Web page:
Is Cambodia introducing a blockchain-based digital currency?
- The National Bank of Cambodia has released a whitepaper detailing the technical details of its digital payments system
- The blockchain-based system will be centralized and will also allow P2P transactions
After three years of development, the National Bank of Cambodia has revealed the technical details of its upcoming blockchain-based payments system dubbed ‘Project Bakong’ this month.
Cambodia’s central bank began developing Project Bakong since 2017, and is seen as a high-tech relaunch of the Khmer Riel, which is the kingdom of Cambodia’s official currency but is significantly lesser used by the people in favor of the US dollar, according to the recently published whitepaper.
The National Bank of Cambodia (NBC) has been exploring blockchain and decentralized ledger technology as safer and more resilient alternative payments systems over the last few years. Permissioned blockchains are being increasingly explored by governments as a means to introduce a central bank digital currency (CBDC) which in many ways is the opposite of the decentralized, permission-less cryptocurrencies like Bitcoin that are more open systems that can lead to intense speculative value fluctuations.
In contrast, Project Bakong will be a closed system that will be backed by the nation’s banks and financial regulatory authorities. However, unlike more notable CBDCs currently being carried out by other governments such as China’s Digital Yuan project, Project Bakong is not a natively-digital currency.
Instead, users need to load Khmer Riel into their Bakong accounts, to be exchanged in transactions over the system. NBC instead hopes that Bakong will give competition to the usage of the US dollar that is so prevalent, and make the local economy less reliant on the dollar.
With the support of 11 banks already with more expected to join, the whitepaper says Project Bakong looks to allow the economy to transition to a real-time funds transfer system instead, including allowing interbank transfers. As the whitepaper states, “The implementation of Bakong would connect all financial institutions and payment service providers under a single payment platform which will allow for fund transfers to be processed on a real-time basis without the need of a centralized clearinghouse.”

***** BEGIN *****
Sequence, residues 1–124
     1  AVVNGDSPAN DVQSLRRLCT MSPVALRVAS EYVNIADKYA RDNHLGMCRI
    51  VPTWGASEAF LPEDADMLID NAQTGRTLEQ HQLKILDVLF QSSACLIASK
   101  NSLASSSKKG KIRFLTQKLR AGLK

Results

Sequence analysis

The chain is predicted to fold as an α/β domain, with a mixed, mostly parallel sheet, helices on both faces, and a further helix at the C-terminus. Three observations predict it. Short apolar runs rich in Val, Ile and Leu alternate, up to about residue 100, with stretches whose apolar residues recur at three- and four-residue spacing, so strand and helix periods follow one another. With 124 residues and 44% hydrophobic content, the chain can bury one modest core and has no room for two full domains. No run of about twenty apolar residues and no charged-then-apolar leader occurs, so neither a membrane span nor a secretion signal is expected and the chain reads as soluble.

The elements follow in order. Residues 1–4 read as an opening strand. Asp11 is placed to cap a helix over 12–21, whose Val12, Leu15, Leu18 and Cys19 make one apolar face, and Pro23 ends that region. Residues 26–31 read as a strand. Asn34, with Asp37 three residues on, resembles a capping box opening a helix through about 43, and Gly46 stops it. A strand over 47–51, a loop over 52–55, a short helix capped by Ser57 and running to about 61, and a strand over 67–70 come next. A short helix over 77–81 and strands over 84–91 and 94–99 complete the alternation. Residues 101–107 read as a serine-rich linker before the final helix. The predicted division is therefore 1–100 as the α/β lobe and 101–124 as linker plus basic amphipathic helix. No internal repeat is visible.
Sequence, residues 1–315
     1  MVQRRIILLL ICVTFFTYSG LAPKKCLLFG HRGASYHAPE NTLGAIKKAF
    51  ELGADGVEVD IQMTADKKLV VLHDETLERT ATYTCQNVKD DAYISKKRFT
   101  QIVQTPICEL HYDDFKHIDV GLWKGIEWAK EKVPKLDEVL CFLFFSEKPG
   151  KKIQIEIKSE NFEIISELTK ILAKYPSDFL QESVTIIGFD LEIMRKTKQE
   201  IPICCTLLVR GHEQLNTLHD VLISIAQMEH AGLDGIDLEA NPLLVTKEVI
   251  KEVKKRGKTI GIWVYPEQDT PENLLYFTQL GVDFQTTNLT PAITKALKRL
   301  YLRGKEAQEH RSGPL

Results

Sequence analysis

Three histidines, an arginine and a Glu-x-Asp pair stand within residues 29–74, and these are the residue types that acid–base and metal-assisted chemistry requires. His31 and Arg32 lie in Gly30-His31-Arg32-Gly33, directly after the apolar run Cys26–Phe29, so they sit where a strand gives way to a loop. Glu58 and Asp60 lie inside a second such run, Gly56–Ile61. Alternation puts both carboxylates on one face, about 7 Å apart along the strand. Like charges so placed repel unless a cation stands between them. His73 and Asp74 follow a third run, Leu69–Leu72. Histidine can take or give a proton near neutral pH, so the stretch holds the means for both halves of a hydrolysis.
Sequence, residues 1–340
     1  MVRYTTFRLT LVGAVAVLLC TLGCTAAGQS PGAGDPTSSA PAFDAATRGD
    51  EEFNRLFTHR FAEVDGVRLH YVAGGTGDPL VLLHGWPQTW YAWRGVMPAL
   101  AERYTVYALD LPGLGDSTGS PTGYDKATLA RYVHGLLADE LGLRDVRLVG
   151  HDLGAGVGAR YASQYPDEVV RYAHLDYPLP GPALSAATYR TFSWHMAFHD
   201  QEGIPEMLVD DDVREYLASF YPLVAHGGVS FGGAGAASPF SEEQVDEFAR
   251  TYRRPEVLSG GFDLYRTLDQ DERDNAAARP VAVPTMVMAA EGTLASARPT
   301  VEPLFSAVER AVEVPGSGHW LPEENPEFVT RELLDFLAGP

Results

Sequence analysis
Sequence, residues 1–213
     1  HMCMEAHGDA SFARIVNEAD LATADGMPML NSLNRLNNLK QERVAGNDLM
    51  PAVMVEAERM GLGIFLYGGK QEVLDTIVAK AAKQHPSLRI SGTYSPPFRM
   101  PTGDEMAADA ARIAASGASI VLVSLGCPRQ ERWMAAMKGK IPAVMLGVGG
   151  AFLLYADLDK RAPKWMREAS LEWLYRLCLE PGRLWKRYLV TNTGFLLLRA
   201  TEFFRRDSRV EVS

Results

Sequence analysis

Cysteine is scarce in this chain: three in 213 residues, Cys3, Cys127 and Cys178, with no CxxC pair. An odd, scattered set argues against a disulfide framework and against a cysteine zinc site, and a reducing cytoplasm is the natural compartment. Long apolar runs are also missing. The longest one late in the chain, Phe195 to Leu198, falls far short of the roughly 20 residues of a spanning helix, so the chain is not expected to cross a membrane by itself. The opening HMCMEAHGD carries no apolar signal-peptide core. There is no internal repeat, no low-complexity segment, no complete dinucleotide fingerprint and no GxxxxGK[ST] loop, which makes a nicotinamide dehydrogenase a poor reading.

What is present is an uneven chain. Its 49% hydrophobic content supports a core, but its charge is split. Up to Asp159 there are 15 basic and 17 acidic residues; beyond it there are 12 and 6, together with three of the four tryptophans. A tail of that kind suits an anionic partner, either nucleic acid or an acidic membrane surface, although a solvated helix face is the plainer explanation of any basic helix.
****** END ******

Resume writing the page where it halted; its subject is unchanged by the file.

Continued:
In addition, Bakong will also serve as a peer-to-peer (P2P) platform including retail payments and a variety of transaction types. The system will leverage QR technology on mobile-based platforms, making it easier to access for Cambodians. The NBC claims that Bakong’s P2P nature eliminates a lot of the inefficiencies of the centralized clearinghouse models, without costing users anything to transact.
Cambodia has a demographically young and increasingly tech-savvy population, according to the paper, and financial transactions are being carried out electronically more than ever, with e-wallet accounts in the country increasing by a massive 64% in 2019 to a record 5.22 million accounts.
The NBC refers to Project Bakong in the whitepaper as a blockchain payments system as opposed to a CBDC, and says that more developed nations are looking to CBDCs to deal with their population’s lessening use of cash. The central bank contends that for developing countries like Cambodia, a national digital payment system can promote financial inclusion to various levels of society including those below the poverty line, while also helping to improve upon scattered inefficient payment systems.
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